A striking example of this is ALTANA's system for ordering supplies. The system uses a full-fledged e-commerce metaphor, complete with shopping cart. People are accustomed to picking products in a certain way -- why not leverage this knowledge by designing a feature they already know how to use? Another good example is the IBM intranet's extensive use of weblogs, including a powerful dashboard interface that lets users monitor other blogs, as well as follow-ups to their own postings and comments. Despite considerable Web hype, however, we're not seeing much business blogging in most companies.
More targeted, task-related tools tend to work better. Staples, for example, offers a blog-like feature where store managers inform each other about their progress in preparing for advertised sales offers. But, rather than offer this feature in a separate community area, Staples has a simple notepad-like annotation field in the intranet area where managers view the advertising circulars. These are just-in-time, just-in-place notes -- just for this one crucial task.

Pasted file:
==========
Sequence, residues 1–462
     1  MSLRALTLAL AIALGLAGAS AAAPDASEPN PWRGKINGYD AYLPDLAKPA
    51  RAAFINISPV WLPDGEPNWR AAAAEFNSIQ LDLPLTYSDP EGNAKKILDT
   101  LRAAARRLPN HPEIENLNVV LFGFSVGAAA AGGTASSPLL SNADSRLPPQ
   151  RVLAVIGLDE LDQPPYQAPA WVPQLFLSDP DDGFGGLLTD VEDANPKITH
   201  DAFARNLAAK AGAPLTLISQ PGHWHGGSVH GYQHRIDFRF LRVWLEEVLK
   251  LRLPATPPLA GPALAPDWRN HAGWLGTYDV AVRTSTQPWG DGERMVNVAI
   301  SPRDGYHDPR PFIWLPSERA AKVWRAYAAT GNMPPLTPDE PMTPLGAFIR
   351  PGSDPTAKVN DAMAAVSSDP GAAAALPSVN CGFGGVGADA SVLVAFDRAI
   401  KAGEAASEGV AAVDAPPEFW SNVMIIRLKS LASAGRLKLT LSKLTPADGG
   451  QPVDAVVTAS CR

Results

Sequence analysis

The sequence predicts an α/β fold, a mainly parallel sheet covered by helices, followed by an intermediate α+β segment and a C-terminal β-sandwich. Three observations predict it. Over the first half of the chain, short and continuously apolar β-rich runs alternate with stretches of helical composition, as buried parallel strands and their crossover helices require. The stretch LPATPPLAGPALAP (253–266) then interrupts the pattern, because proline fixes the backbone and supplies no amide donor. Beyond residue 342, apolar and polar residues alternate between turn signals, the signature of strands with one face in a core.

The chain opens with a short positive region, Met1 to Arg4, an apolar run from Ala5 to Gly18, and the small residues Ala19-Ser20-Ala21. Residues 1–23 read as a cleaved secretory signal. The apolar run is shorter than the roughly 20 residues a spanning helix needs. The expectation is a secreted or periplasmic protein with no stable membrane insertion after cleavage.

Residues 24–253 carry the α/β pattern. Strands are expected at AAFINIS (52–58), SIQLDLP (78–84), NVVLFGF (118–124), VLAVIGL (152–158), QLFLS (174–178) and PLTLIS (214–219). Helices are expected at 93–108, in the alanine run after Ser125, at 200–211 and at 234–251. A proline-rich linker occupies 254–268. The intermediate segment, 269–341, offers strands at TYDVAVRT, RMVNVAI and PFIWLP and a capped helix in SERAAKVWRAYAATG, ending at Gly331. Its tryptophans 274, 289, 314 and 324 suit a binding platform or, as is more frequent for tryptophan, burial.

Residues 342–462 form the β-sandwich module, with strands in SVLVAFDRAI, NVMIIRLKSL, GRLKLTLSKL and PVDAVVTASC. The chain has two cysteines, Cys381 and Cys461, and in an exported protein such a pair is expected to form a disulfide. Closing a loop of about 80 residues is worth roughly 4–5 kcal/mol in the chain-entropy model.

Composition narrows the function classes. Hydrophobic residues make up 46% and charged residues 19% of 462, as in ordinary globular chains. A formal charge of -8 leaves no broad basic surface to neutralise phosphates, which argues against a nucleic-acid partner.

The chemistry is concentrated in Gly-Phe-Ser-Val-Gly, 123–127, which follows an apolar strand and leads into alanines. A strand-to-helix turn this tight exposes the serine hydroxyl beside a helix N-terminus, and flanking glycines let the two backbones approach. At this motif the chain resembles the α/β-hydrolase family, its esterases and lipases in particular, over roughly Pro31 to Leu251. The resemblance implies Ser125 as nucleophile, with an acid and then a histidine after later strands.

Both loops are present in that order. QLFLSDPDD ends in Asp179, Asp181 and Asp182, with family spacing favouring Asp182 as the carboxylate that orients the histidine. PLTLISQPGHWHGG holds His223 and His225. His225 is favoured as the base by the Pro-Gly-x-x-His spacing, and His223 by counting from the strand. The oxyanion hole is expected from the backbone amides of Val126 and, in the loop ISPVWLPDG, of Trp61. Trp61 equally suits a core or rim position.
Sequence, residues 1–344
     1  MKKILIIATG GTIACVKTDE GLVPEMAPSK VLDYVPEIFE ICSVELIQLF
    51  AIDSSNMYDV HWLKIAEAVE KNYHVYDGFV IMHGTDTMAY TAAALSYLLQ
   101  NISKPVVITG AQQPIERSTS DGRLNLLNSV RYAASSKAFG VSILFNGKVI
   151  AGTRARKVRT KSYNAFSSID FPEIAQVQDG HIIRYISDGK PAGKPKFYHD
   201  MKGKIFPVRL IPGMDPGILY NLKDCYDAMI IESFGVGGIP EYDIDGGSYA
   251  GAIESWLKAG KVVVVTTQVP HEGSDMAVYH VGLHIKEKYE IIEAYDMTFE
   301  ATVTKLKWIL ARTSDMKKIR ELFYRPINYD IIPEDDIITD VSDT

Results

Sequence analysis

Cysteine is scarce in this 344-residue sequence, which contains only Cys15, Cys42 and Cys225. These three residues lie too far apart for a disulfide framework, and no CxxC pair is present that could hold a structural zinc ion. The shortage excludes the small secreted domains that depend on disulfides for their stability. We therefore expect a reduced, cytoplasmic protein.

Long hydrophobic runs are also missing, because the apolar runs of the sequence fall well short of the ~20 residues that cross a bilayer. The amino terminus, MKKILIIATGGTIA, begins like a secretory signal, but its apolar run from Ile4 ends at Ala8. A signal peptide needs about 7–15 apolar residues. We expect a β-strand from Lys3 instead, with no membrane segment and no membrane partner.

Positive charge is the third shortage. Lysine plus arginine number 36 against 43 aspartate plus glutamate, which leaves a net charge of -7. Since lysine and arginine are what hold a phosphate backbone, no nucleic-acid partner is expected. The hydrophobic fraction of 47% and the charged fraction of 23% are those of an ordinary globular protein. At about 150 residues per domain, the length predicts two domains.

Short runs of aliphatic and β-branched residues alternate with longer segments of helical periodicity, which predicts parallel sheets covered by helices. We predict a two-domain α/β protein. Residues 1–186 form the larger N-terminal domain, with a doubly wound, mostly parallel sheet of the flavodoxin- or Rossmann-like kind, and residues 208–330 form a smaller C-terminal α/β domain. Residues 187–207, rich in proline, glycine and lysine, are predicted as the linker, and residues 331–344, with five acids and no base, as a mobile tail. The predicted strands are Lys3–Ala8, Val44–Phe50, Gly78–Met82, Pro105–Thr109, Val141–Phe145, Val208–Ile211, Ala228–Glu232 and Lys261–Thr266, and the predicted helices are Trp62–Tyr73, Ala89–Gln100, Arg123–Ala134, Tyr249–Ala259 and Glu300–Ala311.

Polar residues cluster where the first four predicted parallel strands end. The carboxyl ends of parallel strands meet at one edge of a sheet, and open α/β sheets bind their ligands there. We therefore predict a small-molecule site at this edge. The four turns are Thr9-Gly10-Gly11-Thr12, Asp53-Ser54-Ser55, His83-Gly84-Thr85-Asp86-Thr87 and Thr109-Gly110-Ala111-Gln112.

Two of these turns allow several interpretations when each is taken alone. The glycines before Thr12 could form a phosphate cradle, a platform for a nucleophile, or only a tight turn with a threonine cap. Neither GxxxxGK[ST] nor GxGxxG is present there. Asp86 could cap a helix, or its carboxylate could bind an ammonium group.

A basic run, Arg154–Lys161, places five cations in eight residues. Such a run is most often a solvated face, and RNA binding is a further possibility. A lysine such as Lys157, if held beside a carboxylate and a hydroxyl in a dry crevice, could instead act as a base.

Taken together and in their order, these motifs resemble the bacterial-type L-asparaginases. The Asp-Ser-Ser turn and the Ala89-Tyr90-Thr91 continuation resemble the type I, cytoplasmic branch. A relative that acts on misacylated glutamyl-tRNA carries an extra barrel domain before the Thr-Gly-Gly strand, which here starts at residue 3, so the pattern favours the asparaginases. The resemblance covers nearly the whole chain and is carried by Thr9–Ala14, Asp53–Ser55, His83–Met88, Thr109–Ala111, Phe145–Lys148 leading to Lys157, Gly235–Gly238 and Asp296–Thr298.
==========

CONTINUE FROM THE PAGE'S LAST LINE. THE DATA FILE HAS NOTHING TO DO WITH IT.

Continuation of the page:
Finally, we spotted a contra-trend: the first good use of overlay graphics (where an image appears on top of the content). On the Web, this is one of the most annoying and repellant advertising techniques. Nonetheless, Allianz Australia effectively uses overlays to highlight and explain useful new intranet features. Of course, we usually caution against using techniques associated with hated Web design approaches. Do so only with extreme care and only when you're sure that the intranet's special circumstances allow the technique to add value.
Although mobile intranet is not yet widespread, several of this year's winners support mobile features. O2 has a special mobile edition of its intranet that's optimized for the BlackBerry and strips the homepage down to a few of its most useful links. O2 also nicely integrates the employee directory with mobile features, for example by allowing users to send an SMS with someone's contact information from the directory to their cell phone.